The number of Minnesotans hospitalized for COVID-19 increased by 19, reaching a total of 266, according to new figures for the pandemic released Tuesday by the state Department of Health.

Health officials this week said a slight uptick in hospitalizations could reflect more spread of the infectious disease beyond teenagers and younger adults and into older adults who are more at risk. The hospitalization total includes 112 people requiring intensive care.

“As our case numbers have increased, we are now starting to see over the last week or so a trend upward in hospitalizations,” said state Health Commissioner Jan Malcolm, although the state’s COVID-19 hospital numbers remain well below a peak in late May.

Malcolm also said the positivity rate from diagnostic testing for the infectious disease has increased to 4.7% — reflecting broader spread of the novel coronavirus that causes COVID-19. That remains well below the state warning level of 15%, though, which had only been exceeded in late April when diagnostic testing was centered on a worker outbreak at the JBS pork plant in Worthington.

The state on Tuesday reported three COVID-19 deaths, continuing a streak of 18 reporting days with fewer than 10 such deaths. The last total in double digits was 13 on July 2. The single-day high in the pandemic was 35 deaths reported on May 28.

The three deaths reported on Tuesday included one person in the 30 to 39 age range. Among the 1,548 deaths in the pandemic so far, only 15 have involved people 39 or younger. The state on Monday reported its first child COVID-19 fatality involving a 9-month-old from Clay County.

The state also reported 352 new lab-confirmed cases of COVID-19 on Tuesday, after reporting a single-day high in the pandemic of 922 cases on Monday.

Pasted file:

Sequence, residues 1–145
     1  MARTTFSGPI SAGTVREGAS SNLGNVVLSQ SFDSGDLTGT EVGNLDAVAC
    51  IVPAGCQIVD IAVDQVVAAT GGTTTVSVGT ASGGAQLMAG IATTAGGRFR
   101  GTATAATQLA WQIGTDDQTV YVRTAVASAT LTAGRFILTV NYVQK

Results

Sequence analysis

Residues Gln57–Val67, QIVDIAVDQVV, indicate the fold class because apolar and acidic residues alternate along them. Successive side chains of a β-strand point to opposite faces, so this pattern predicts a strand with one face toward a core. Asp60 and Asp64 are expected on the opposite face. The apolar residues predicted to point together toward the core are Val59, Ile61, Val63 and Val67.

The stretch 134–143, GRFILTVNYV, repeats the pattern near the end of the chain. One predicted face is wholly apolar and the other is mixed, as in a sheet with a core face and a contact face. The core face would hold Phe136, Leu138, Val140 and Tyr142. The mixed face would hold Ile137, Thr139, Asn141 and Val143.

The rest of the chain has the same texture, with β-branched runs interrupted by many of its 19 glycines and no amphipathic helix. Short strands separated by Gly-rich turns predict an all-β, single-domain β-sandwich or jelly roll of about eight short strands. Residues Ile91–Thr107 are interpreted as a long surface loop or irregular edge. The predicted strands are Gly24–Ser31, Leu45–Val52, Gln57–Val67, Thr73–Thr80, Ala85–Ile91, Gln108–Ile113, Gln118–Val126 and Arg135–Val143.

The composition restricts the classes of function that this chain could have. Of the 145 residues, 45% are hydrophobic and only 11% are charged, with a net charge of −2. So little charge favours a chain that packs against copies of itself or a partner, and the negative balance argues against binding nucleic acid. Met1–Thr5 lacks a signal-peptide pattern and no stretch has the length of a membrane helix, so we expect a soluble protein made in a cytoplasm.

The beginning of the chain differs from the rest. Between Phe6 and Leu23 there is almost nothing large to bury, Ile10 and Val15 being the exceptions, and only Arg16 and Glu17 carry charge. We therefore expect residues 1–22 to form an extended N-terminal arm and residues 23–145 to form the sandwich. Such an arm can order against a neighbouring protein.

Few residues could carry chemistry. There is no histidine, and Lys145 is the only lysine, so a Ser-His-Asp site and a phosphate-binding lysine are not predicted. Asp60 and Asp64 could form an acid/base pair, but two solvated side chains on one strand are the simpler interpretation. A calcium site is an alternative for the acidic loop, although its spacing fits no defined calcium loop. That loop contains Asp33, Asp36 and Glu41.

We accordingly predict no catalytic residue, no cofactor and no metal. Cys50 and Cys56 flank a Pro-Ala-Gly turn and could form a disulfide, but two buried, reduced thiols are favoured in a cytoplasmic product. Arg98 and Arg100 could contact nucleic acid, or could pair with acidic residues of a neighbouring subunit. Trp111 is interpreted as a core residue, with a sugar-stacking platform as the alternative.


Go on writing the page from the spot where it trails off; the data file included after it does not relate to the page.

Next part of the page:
Both totals were affected by the health department’s switch to a new data management system, and the department said in a statement Tuesday that the average between the two of 637 cases per day is more reflective of the spread of the infectious disease in Minnesota right now.

Fluctuations in the daily case count resulted in New York removing Minnesota from its travel restriction list, released on Tuesday. The list now includes 31 other states from which travelers are expected to quarantine themselves for 14 days upon arrival in New York, New Jersey and Connecticut.

New York places states on the restriction list once a week based on their COVID-19 case rates per 100,000 people and their test positivity rates. New York’s cut point for selecting states appears to have occurred before Minnesota reported its large daily case count on Monday.

Daily counts of lab-confirmed cases have gradually increased in Minnesota since mid-June — partly due to increased diagnostic testing, but also due to the limited reopening on June 10 of bars, restaurants, fitness clubs and entertainment venues.

Health officials on Monday said they initially tracked outbreaks after June 10 among young adults who were likely infected at bars and restaurants. Now, they are seeing outbreaks related to older adults as well and centered on family gatherings, sporting events and other group activities.

“Now we’re at a place where we’ve had more opening up within the state and we’re seeing many more people of all ages engage in more social activities and more interaction,” said Kris Ehresmann, state infectious disease director.

Gov. Tim Walz and state health officials are considering whether to impose a statewide mask-wearing mandate to slow the spread of the virus and prevent the recent uptick in cases from leading to more hospitalizations and deaths. Decisions on how to reopen schools this fall are expected next week.